Vjekoslav Zugaj


After the war, in 1945, Stara Gradiška camp was an important site where surviving participants of the Way of the Cross, as well as large numbers of new convicts were condemned. According to a statement by an inhabitant of the town, in addition to the prisoners inside the prison, there were many prisoners of war who were located outside the prison walls in an open-type camp. All the prisoners were forced to dig the Strug-Sava channel. Due to the very hard conditions and lack of food, quite a few prisoners died soon after their arrival and their bodies were built into the Strug channel and the earthworks surrounding the remains of what was once a fortress. There is no reliable evidence of the total number of prisoners in the prison since the prison management kept records of the prisoners using ordinal numbers. After some time, for reasons known only to the camp management, the ordinal numbers were cancelled and the next prisoner to come in prison was given the ordinal number 1. The priest, Nikola Soldo, who spent fifteen years in prison, confirmed in his statement that this procedure was used by the prison management.

The lack of documentary material and the unwillingness of the guards and management of Stara Gradiška camp to give their statements, makes the reconstruction of life in Stara Gradiška camp very difficult. Some information concerning the duties and tasks of the guards and the organisation of life of that time can be found in articles in the prison newspaper "Prosvjetnik" (Educator) that was printed and edited in the prison by order of the manager (60). The editorial of the first issue of this prison newspaper outlines the tasks and the future of the prisoners as well as the expectations of "their management". It is explained that the prisoners had been sentenced and imprisoned in accordance with the "will of the people" and that their rehabilitation would be possible if they fully accepted the newly established political system with all its values. Rehabilitation, according to the editor of this newspaper, should be achieved through untiring and devoted voluntary physical work "that should be carried out by each citizen and conscious member of the nation for the benefit of his/her national community at all times and everywhere".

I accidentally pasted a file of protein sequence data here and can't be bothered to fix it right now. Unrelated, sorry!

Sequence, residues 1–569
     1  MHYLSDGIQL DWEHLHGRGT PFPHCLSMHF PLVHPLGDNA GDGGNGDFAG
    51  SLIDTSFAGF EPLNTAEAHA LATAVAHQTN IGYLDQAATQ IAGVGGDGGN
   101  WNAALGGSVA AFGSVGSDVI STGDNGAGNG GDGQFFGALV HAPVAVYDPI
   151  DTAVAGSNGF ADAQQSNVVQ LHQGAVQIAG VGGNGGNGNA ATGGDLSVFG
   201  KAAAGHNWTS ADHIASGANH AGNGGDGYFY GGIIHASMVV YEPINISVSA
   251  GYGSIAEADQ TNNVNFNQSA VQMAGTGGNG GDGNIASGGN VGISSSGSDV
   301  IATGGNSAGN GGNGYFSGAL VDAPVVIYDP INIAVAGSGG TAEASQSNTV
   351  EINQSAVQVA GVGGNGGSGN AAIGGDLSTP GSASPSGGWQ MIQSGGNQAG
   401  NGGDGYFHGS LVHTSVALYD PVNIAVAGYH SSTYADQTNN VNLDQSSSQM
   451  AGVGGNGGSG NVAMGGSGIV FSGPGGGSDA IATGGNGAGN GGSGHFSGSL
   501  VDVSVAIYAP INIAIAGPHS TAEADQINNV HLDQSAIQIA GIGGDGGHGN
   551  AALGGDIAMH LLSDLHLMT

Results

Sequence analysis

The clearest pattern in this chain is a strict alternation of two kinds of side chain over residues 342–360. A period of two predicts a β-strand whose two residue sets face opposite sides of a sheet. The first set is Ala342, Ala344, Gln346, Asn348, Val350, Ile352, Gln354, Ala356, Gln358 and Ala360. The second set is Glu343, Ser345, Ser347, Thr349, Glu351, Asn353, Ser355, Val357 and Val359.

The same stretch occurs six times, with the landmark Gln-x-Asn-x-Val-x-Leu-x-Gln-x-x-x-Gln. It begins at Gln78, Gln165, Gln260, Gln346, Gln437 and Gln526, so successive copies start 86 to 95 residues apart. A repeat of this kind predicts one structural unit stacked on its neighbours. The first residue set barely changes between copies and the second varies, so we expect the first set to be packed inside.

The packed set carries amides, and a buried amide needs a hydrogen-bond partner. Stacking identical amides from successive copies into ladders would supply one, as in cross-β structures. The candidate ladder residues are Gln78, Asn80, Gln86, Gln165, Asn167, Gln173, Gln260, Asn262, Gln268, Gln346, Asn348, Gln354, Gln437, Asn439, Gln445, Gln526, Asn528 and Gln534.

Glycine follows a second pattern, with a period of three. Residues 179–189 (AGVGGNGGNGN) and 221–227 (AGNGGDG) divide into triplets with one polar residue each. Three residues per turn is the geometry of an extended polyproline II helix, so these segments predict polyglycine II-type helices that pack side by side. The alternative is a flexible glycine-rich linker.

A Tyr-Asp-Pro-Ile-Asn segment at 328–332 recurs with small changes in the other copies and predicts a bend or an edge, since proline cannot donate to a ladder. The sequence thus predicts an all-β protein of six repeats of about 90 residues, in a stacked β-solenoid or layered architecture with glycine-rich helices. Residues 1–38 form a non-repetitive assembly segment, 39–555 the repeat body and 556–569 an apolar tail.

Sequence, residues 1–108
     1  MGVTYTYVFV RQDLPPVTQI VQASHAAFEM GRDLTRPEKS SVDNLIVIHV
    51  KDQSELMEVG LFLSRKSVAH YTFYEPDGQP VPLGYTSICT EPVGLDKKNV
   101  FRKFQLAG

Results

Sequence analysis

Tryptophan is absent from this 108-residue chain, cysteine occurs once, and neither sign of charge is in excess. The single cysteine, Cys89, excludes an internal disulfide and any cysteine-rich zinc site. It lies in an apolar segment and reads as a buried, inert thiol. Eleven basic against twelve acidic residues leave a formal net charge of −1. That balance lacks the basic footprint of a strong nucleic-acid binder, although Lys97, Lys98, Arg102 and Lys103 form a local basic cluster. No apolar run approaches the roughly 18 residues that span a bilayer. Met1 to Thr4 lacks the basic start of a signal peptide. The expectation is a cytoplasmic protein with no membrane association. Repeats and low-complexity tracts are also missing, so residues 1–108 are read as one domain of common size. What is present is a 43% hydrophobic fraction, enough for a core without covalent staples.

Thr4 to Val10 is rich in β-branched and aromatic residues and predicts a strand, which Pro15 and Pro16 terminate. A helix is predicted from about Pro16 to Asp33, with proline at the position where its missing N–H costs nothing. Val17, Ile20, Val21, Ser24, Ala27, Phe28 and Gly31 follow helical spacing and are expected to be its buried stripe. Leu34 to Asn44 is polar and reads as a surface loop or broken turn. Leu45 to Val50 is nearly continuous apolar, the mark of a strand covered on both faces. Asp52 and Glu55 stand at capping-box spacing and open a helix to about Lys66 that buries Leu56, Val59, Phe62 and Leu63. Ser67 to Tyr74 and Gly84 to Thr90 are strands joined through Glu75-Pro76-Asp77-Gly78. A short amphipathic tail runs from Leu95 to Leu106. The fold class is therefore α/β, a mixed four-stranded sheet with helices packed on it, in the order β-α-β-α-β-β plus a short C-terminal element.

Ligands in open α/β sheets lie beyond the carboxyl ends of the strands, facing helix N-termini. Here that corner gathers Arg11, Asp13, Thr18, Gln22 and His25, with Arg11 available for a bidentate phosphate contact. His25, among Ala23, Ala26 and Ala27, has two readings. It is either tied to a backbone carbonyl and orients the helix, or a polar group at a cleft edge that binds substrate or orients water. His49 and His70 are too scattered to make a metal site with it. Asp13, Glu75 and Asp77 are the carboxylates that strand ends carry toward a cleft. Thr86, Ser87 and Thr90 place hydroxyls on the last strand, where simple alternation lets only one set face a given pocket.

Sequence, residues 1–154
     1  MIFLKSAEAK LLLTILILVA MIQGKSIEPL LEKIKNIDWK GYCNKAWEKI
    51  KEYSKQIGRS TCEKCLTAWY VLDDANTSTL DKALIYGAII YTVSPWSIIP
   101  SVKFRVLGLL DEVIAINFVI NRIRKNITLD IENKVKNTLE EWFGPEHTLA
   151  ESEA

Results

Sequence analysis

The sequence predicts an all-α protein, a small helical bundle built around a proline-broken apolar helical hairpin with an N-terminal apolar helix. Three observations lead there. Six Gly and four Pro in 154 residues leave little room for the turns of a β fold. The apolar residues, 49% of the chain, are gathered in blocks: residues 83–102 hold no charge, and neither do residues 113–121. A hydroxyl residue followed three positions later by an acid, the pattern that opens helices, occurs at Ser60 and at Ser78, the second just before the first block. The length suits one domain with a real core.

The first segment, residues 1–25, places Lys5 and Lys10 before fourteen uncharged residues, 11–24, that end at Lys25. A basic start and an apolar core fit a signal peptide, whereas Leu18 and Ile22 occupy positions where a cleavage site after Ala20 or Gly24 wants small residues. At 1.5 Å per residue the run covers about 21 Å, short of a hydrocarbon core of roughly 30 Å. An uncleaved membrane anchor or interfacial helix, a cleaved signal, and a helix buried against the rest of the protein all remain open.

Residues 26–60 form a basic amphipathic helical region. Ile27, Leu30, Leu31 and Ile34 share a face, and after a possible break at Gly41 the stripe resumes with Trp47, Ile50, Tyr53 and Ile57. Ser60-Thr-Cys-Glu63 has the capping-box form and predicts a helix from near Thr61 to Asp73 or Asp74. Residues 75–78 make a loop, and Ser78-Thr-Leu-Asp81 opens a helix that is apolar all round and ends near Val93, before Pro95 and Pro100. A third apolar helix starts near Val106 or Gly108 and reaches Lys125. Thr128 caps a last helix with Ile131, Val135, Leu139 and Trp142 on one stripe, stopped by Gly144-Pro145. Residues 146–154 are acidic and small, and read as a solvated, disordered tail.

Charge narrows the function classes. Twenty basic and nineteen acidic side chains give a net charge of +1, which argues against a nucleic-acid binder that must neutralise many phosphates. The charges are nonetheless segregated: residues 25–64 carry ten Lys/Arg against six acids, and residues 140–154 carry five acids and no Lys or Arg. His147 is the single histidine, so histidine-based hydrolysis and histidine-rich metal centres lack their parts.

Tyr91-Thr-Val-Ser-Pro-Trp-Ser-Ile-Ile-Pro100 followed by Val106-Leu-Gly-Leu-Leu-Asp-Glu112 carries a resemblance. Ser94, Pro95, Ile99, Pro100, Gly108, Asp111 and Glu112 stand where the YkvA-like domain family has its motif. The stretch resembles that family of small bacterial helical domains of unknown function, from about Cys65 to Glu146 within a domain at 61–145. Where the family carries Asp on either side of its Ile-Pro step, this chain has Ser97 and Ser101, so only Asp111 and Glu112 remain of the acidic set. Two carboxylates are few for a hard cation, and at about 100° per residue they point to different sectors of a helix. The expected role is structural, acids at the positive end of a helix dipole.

The prisoners in Stara Gradiška, who were immune to these infantile and artificial slogans, received less well- meant and clearer messages: "He who does not march along in time, will be crushed without mercy..."

Other pages of the "Prosvjetnik" (Educator) are dedicated to political topecs of that time and the content can be guessed from the titles of propagandistic articles. The first page is dominated by titles such as "Trieste - our Door to the World" and "A Materialistic and Idealistic Approach to History".

After these ideological articles, the other pages are filled with cultural and amusing articles, as well as with instructions concerning the treatment of tuberculosis. Since there were no serious articles, the editor filled the blanks with short reports showing the success achieved by the Soviet Union in various areas of human activity, extolling the cradle of the Communist system. These data are comparable to probably invented data on ever-increasing criminal activity in Western European countries.

The only useful information found in this propagandistic, communist leaflet is that to do with the craft workshops that employed large numbers of prisoners. The introductory note says that these workshops were established "last summer", meaning that June-July 1945 can be identified as the beginning of work in the post-war camp.

This article was written in the spirit of the voluntary work drives popular at that time and is full of terminology reflecting super productivity and descriptions of work achievements. The author, who was apparently inspired by these ideas, started his article with an optimistic title - "We are Working - We are Competing!", although only the prisoners were forced to work and mostly in inappropriate conditions. I have decided to quote the whole article, unchanged, so as to present the descriptions of the establishment of these workshops as originally interpreted by the camp employee responsible for propaganda and the re-education of the prisoners.